Now, when Yitzchak told Eisav afterward that “I blessed him – and, indeed, he will be blessed,” Eisav initially thought that Yaakov had not come with any cunning, but rather had simply overheard Yitzchak’s request for delicacies, had stepped in and brought them in order to satisfy Yitzchak’s need, and had received a blessing. Eisav assumed that Yitzchak was aware that it was Yaakov who had brought the delicacies. Eisav had also worked out in his mind, just as Yaakov had, that Yitzchak was planning to give him the spiritual blessings and Yaakov the material blessings. He thus concluded that Yitzchak had in fact given Yaakov the material blessings. He was devastated by this outcome, for he was interested only in worldly pleasures, and he had figured that – given his having sold the birthright – he would get the material blessings. He therefore let out an exceedingly great and bitter cry. Yet, at this point, Eisav did not state why he was upset. He was ashamed to tell his father that he was upset over having lost material blessings, for, over the years, he had constantly “trapped his father with his mouth” and passed himself off as saintly. How could he now make a big fuss over worldly pleasures? He therefore simply let out an inchoate outcry and pleaded: “Bless me too, Father.” He did not specify what blessing he wished to get.
Yitzchak responded by saying: “Your brother came with cunning and took your blessing.” Eisav assumed Yitzchak was referring to the spiritual blessings, which Yitzchak viewed as being “Eisav’s blessing” because Eisav was the firstborn. Eisav thus revised his initial reading of what had taken place, now surmising that Yaakov had slyly impersonated him before Yitzchak and taken the spiritual blessings. This is the “wisdom of the Torah” that the Midrash tells us Yaakov exploited: Yaakov exercised a Torah-based right to assume Eisav’s place – a right arising from Yaakov’s having bought the birthright from Eisav. At this point, Eisav calmed down and rejoiced inside, reasoning that since Yaakov had received the spiritual blessings, he would get the material blessings, which is what he wanted all along. It did not occur to him at all that Yaakov may have told Yitzchak about the sale of the birthright. So he said to Yitzchak: “It is fitting that his name is called Yaakov, for now he has taken me over me twice: He took my birthright, and, behold, now he has taken my blessing.” What he had in mind was as follows: “You made no mistake, Father. It was in full accordance with law that you granted him the spiritual blessings, for he took over the status of firstborn. And as for me, it is fitting me to grant me the material blessings.”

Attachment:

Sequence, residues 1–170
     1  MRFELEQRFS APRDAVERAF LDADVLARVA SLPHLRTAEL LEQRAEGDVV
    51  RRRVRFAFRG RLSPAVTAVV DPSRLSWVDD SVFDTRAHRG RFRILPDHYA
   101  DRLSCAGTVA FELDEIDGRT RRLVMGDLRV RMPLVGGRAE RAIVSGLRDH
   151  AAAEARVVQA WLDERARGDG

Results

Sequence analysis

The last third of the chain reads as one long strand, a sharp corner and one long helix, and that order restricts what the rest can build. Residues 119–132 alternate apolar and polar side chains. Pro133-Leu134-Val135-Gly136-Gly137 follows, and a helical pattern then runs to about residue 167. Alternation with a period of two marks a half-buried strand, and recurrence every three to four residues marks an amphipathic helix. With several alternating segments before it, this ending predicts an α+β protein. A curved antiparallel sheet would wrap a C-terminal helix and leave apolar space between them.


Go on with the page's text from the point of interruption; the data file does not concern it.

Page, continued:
Eisav thus continues: “Surely you have reserved (אצלת) a blessing for me.” Expounding on the word אצלת, the Midrash remarks (Bereishis Rabbah 67:4): “A blessing from the leftovers (מן הנצלת).” Eisav was asking for material blessings, even though they are inferior blessings, because from the standpoint of law he had no right to ask for more than that. Yitzchak replied: “You have misunderstood. I gave Yaakov the material blessings – I made him a lord over you, I gave all his kin to him as servants, and I fortified him with grain and wine. What, then, my son, shall I do for you? I cannot give you the spiritual blessings – you are not entitled to them, since you sold the birthright to Yaakov.” At this point, Eisav raised his voice and wept, for he realized that he had been foreclosed – he lost the material blessing, which was his main desire. And then, as described in Devarim Rabbah 1:15, Eisav exclaimed: “Come and see what this ‘wholehearted one’ did to me.” It was Yaakov’s wholeheartedness that enabled him to succeed in his cunning takeover of Eisav’s blessing: If not for Yaakov’s wholeheartedness, Eisav would have taken steps to prevent such a takeover.

Parashas Chaiyei Sarah

In this week’s parashah, the Torah relates how Avraham sent his servant Eliezer to Aram Naharaim to search for a wife for Yitzchak. In the course of the conversation, Eliezer asks (Bereishis 24:5): “Perhaps the woman will not be want to follow me to this land; should I bring your son back to the land from where you came?” Avraham tells him no. Afterward Eliezer goes to Aram Naharaim, meets Rivkah and selects her to be Yitzchak’s wife, goes to Rivkah’s home, and relates the sequence of events to her family. In so doing, he mentions the issue that he raised in his conversation with Avraham (ibid. 24:39): “Perhaps the woman will not follow me.” Rashi expounds: “The word אֻלַי (perhaps) is written in incomplete form [without a vav, so that it could also be read אֵלַיto me]. Eliezer had a daughter, and he was a seeking a way to get Avraham to approach him to make a match between Yitzchak and his daughter.” On the other hand, in reporting Eliezer’s original statement to Avraham, the Torah writes אוּלַי in full spelling. Accordingly, many commentators have asked: Why would the Torah place the allusion to Eliezer’s hope in its report of his description of the events to Rivkah’s family, rather than in its report of his original statement to Avraham? Seemingly the allusion would be more aptly placed in conjunction with the original statement, when Eliezer was discussing the matter with Avraham himself, who was the relevant party. Indeed, the Midrash actually associates the allusion with the original statement. The Midrash expounds (Bereishis Rabbah 59:9):
“And the servant said to him, [‘Perhaps the woman will not want to follow me’].” In this connection it is written: “Cnaan bears a false set of scales, to cheat the beloved one.” Cnaan is Eliezer [meaning either that Eliezer literally was Cnaan, the son of Noach’s son Cham, or that he was of Canaanite stock]. A false set of scales – he sat and weighed whether or not his daughter was fitting as a wife for Yitzchak. To cheat the beloved one – to cheat the beloved one of the world, Yitzchak. He said: “Perhaps the woman will not want to follow me, and I’ll give him my daughter.” Avraham replied: “You are cursed and my son is blessed, and the cursed cannot become attached to the blessed.”